This week France was shocked by the brutal beating of a Roma boy by a gang in a poor suburb of Paris. Sixteen year old Darius was dragged from a Roma camp where he lived with his family, and taken to a basement where he was savagely beaten unconscious and left in a shopping cart to die. He is currently in a coma in critical condition.
Since the Middle Ages the Roma have been persecuted throughout Europe. Labeled with the disparaging term “gypsy,” they have suffered through centuries of violence, ethnic cleansing and slavery, culminating with the genocide of hundreds of thousands of them in Nazi concentration camps. More recently various EU nations have enacted draconian policies of forced displacement, and prominent politicians have openly used racist and inflammatory language to demonize the Roma.
And the troubling trend of violence and hate speech is not limited to the Roma. In Greece, the far right political party Golden Dawn has been behind violent attacks on gay people, racial minorities and immigrants which have become almost daily. In Ukraine, for the first time since WWII, fascists now hold key government positions. In Spain and Poland, antisemitic vandalism of synagogues and Jewish cemeteries appear to be on the rise. In France and in the UK, attacks on Muslims by skinheads have sharply increased. In one attack, a young Muslim woman miscarried after a brutal assault by a gang outside of Paris. And few can ever forget the horrific massacre carried out by far-right terrorist Anders Behring Breivik in Sweden which left scores of children dead.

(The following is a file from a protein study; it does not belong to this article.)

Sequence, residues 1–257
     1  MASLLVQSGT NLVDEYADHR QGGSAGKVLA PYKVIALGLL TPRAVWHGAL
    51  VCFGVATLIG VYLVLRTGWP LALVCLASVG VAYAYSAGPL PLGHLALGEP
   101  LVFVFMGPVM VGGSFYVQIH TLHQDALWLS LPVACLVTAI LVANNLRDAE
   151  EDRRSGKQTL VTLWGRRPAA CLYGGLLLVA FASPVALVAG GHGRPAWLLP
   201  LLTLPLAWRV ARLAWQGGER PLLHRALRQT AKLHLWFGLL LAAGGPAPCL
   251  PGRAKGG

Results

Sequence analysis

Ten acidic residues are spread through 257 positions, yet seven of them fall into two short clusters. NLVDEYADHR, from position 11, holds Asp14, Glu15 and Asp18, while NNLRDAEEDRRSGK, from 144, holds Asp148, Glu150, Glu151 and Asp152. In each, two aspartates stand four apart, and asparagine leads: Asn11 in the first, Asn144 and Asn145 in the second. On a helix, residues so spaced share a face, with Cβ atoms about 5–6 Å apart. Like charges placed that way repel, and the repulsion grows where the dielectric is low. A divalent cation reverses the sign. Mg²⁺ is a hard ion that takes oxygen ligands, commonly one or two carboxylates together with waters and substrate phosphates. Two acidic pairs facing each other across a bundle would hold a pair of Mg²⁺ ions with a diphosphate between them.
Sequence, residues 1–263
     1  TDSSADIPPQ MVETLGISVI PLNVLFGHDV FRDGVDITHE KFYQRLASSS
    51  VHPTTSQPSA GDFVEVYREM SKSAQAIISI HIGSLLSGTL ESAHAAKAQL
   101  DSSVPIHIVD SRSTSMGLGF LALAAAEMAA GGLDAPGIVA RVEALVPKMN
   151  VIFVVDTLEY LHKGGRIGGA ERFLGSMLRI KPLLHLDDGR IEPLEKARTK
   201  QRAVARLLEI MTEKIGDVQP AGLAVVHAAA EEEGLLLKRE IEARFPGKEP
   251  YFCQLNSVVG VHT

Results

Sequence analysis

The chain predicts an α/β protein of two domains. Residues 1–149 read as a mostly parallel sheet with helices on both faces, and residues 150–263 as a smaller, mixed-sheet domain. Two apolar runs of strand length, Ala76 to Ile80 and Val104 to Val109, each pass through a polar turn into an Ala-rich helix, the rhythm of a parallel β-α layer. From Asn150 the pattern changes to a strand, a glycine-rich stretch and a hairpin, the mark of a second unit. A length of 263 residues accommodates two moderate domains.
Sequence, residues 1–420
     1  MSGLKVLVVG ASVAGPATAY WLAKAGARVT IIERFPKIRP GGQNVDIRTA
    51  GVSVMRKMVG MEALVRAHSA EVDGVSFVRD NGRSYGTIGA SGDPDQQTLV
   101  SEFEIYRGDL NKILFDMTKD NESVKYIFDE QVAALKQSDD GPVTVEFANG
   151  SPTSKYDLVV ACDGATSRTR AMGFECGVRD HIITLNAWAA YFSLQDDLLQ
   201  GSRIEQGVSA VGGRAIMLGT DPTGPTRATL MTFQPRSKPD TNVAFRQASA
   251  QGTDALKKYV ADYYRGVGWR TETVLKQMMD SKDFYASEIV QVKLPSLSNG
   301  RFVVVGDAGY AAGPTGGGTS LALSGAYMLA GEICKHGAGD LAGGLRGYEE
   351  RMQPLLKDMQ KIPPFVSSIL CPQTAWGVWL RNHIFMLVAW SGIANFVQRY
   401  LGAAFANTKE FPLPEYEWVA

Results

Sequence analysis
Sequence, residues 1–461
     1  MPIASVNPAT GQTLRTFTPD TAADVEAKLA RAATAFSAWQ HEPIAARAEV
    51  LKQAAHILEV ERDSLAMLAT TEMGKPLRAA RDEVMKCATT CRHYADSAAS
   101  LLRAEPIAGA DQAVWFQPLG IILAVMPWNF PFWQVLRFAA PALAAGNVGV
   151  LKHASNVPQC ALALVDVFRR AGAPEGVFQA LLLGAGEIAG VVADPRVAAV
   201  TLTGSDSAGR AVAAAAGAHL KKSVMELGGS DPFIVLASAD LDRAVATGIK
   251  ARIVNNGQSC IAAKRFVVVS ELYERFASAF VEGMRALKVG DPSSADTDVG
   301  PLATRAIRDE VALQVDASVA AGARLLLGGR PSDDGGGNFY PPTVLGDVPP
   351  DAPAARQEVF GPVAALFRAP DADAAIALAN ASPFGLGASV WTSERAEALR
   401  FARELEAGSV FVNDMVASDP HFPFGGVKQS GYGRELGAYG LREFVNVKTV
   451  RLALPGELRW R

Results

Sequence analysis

In this climate it is little wonder that these incidents are increasing. In Europe, the far right has used the current bleak economic outlook to resurrect the demons of old prejudices and racism. And the neoliberal economic policies of austerity have only fed the rise of extremism. An extremism which almost always finds its home in latent bigotries and scapegoats of convenience.
It is a fallacy to say that history repeats itself. Nothing is exactly as it was, nor will it be in the future. But often there are haunting echoes from the past that, when ignored, have a tendency to grow louder and stronger. We can only hope that this time more people are listening to the warnings and heeding their urgent lessons.
Kenn Orphan 2014
(Photo is of a Roma family in a camp in Eforie Sud , Romania, and is courtesy of Agence France-Presse (AFP)